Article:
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Metro to install train upgrades

Subway cars are shown in the aftermath of a crash at the Woodley Park-Zoo-Adams Morgan Station in Northwest Washington on Nov. 3, 2004. (Michel du Cille/The Washington Post)

Metro officials announced that they will upgrade electronics on 182 rail cars to prevent them from rolling backward while operating in manual mode.

The transit agency's board of directors approved the installation of the software during its Thursday board meeting. The upgrade will cost $813,000 and will be implemented on Metro's 5000 series rail cars by the end of summer, the agency said.

The step is related to the 2004 Woodley Park Station crash when a Metro train unexpectedly rolled backward, gained speed and rammed another train in Woodley Park. The crash injured about 20 people and caused $3.5 million in damage.

After that accident, the National Transportation Safety Board recommended that all rail passenger cars have rollback protection.

Metro said its 2000, 3000 and 6000 rail cars, 546 total, all have the software. The agency is installing the protection on its 288 1000 series cars. Officials said the software will also be installed on the agency's 100 4000 series cars.

Metro also announced that it will spend $2.6 million to repair door control units on 546 cars.

In April 2008, Metro train operators were instructed to manually open rail car doors after a malfunction caused doors to open on the wrong side four times in the past 100 day.

Metro's trains are currently operating in manual mode as a result of the June 22 Red Line crash, which killed eight passengers and a train operator. Acting Deputy General Manager Dave Kubicek said during this week's NTSB hearing into the crash that it would be a year before trains resumed automatic operations as the agency tests and implements a backup for its automatic crash-avoidance system.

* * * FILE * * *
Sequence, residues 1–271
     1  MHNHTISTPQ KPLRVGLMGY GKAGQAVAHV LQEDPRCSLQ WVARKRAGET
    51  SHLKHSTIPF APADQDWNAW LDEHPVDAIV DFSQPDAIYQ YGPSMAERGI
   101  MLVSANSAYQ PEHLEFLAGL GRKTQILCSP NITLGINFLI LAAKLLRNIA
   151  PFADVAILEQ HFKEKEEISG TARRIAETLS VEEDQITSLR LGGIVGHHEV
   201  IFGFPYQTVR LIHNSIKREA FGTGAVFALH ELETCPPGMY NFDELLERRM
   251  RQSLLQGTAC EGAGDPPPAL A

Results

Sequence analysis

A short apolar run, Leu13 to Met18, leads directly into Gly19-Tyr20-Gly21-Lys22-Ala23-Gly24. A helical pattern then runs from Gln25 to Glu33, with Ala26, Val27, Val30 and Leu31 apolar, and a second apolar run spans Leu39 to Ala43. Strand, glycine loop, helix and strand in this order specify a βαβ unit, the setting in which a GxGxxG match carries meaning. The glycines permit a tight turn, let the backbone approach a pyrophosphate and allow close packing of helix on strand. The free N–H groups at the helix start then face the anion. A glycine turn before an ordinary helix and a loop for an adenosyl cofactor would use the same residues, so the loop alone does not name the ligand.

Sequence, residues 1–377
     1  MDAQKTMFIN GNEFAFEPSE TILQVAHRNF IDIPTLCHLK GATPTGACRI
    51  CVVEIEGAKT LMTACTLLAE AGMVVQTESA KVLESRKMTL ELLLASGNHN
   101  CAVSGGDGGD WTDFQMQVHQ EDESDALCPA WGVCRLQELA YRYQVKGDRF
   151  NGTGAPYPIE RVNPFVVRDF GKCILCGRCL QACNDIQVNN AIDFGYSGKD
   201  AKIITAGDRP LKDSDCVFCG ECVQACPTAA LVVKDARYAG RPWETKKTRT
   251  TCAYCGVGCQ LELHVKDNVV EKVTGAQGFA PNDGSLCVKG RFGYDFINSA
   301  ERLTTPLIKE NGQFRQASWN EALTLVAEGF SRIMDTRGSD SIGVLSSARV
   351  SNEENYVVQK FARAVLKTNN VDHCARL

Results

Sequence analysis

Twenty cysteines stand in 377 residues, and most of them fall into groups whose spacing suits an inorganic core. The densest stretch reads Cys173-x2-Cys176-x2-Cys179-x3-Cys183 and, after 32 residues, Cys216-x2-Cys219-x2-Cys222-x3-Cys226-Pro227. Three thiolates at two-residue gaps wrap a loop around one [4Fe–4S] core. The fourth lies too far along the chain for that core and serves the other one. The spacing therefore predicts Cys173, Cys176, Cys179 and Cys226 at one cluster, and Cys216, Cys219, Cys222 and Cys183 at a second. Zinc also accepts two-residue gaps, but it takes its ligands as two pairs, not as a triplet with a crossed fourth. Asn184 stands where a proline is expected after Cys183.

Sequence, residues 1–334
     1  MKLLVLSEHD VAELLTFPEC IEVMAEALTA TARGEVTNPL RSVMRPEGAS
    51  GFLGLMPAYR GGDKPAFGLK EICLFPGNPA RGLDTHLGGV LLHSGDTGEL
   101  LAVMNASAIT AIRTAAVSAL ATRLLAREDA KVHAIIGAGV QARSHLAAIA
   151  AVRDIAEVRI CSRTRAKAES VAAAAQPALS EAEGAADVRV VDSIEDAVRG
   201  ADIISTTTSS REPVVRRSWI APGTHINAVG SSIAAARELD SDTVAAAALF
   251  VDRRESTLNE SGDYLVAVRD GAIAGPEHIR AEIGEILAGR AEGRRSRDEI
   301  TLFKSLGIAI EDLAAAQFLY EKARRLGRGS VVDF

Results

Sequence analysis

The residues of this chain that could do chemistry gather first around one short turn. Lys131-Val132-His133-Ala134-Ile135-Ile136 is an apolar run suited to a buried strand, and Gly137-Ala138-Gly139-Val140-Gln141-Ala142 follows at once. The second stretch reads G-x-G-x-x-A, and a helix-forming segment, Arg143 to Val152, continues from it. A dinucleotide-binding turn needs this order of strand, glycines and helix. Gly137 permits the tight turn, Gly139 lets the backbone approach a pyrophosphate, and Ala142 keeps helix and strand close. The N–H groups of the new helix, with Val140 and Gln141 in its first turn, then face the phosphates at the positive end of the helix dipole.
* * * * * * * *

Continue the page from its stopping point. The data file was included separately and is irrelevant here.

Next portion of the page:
-- Staff Reports

By Michael Bolden  |  February 26, 2010; 8:29 AM ET
Categories:  Advisories , Metro  | Tags: metro safety  
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Upgraded electronics relating to a crash that occurred over five years ago. Nothing like prompt action!

Posted by: 1995hoo | February 26, 2010 9:23 AM | Report abuse

My thoughts also...

Posted by: ceebee2 | February 26, 2010 9:54 AM | Report abuse

@1995hoo...but you don't know when NTSB finished their study and made the recommendation to update the electronics. Gosh, you exclaim it took FIVE YEARS!! Heck, it may have only taken four years, plus 11 months, plus 6 days, plue 23 hours! :-)

Posted by: dezlboy1 | February 26, 2010 10:08 AM | Report abuse

There are plenty of things Metro can and should be doing without a need to wait for NTSB.

Posted by: ceebee2 | February 26, 2010 12:22 PM | Report abuse

So they'll be fixing the latest failures sometimes around 2015, we can Hope.

Posted by: member5 | February 26, 2010 4:08 PM | Report abuse

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